Principles for Affordable Housing and Economic Development

April 2022

NW Opportunity Partners CDC is committed to building strong communities as we achieve Mayor Bowser’s goal of 1990 new units of affordable housing in Ward 3 by 2025; and to revitalizing commercial areas in partnership with local business groups and Black and Brown entrepreneurs from across the city.

To meet the city’s needs for affordable housing, economic mobility, sustainability, and neighborhood integration and to ensure that we do not repeat mistakes of the past, private developers, non-profit housing providers, and public agencies must significantly up their game to guarantee that:

Potential Black and Brown residents and business owners will be guaranteed a seat at the table as members of the “should be” community in all development discussions alongside current residents, property owners and elected representatives so that together we can significantly advance racial equity.

Legitimate neighborhood concerns about impacts on light, air, scale, traffic, small businesses, etc. will be negotiated on their own terms and not be labeled as opposition to affordable housing.

Community visioning using the best ArcGIS planning tools[1]to create a common visual understanding of development choices before property owners lock in plans for new development will be used.  Visioning tools like CityEngine can reduce friction and foster consensus as we build for economic and racial diversity in hot-prospect neighborhoods ripe for large-scale development, especially in Friendship Heights, at the Marriott Wardman Hotel site, Van Ness, Tenleytown and other transit-accessible sites along Connecticut and Wisconsin Avenues.

Ambitious housing goals for Ward 3 will include:

  • Setting firm targets for affordable units by neighborhood
  • Identifying promising sites such as the Lord and Taylor in Friendship Heights and moving quickly to secure them and actively working with community-based organizations to put together a redevelopment plan that will include robust, truly affordable housing and a variety of community amenities
  • Creating an Affordability Acquisition Fund to enable pre-qualified nonprofit affordable housing developers to move nimbly to purchase properties in high-demand areas like RCW
  • Prioritizing new affordable units with 3-5 bedrooms per unit to accommodate families, including multi-generational families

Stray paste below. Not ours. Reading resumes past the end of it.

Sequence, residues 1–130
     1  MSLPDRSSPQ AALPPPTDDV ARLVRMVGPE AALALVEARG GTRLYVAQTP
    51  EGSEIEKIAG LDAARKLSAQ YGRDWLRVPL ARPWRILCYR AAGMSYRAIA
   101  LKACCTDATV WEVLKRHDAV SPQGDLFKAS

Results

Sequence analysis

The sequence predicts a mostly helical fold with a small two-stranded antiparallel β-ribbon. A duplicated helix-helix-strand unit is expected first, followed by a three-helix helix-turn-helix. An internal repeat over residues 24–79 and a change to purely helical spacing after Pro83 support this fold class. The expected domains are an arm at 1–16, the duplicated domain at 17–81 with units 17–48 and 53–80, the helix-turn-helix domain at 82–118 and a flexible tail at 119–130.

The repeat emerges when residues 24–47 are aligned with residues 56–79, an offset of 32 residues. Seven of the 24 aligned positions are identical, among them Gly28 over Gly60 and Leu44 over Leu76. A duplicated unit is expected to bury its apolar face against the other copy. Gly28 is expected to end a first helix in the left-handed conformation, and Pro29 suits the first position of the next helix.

• Ensuring that new rental housing serves 0-30% Median Family Income (MFI)
  • Fostering limited equity cooperatives to serve 30%-80% MFI
  • Creating home ownership opportunities for those up to 80% MFI
  • Additional neighborhood services including education, health, social services, commercial and access to public transportation will accompany significant new housing production and/or transformation from non-residential to residential so that the quality neighborhood services meet all needs. 
  • Design and construction of affordable housing will be sustainable, energy efficient, context-sensitive and beautiful.

We cannot rely on the same old strategies and myths to reach our goals:

Reliance on Inclusionary Zoning (IZ) will not achieve our goals. Few new affordable housing units are now under construction in Ward 3. Moreover, IZ is not designed to accommodate households living at the lowest income levels and does nothing to further the development of homes for these households.

While building more market rate housing may lower costs for other luxury housing, there is no evidence that lower costs will trickle down to those most in need of affordable housing.

Both tenant-based and project/sponsor-based vouchers are important tools to create new affordable housing.

Conversion of rent-controlled apartments to means tested affordable housing is not a housing production strategy.  Ward 3 has over 10,000 units of rent-controlled housing serving many lower income residents who do not qualify for means tested housing, could not afford market-rate housing, and would therefore be displaced.

We cannot wait for private developers to drive the process and set aside only a minor portion of their projects for affordable housing and community needs.  To create a range of affordable rental and ownership housing the DC government must exert real leadership to:

Bring all stakeholders to the table to create a vision for each neighborhood so that the sum of individual projects will meet both community aspirations and affordable housing goals.

Invest public funds in creating deeply affordable housing through acquisition of land and blocks of units within large developments, acquire and redevelop non-rent-controlled buildings as limited equity cooperatives, and establish land trusts and other mechanisms to reduce housing costs.

Provide deep subsidies through grants to develop projects, provide gap financing, issue project-sponsored vouchers and grant tax abatements for deeply affordable housing.

We are committed to sharing our experience with people across the city and to welcoming partners who can help us achieve our goals.

[1]   The ArcGIS tool, CityEngine, offers novel capabilities for the efficient design of master plans and architectural sites.  I

We believe in the power of shared vision and sustained commitment to create dynamic communities for all people, regardless of income.

NW Opportunity Partners Community Development Corporation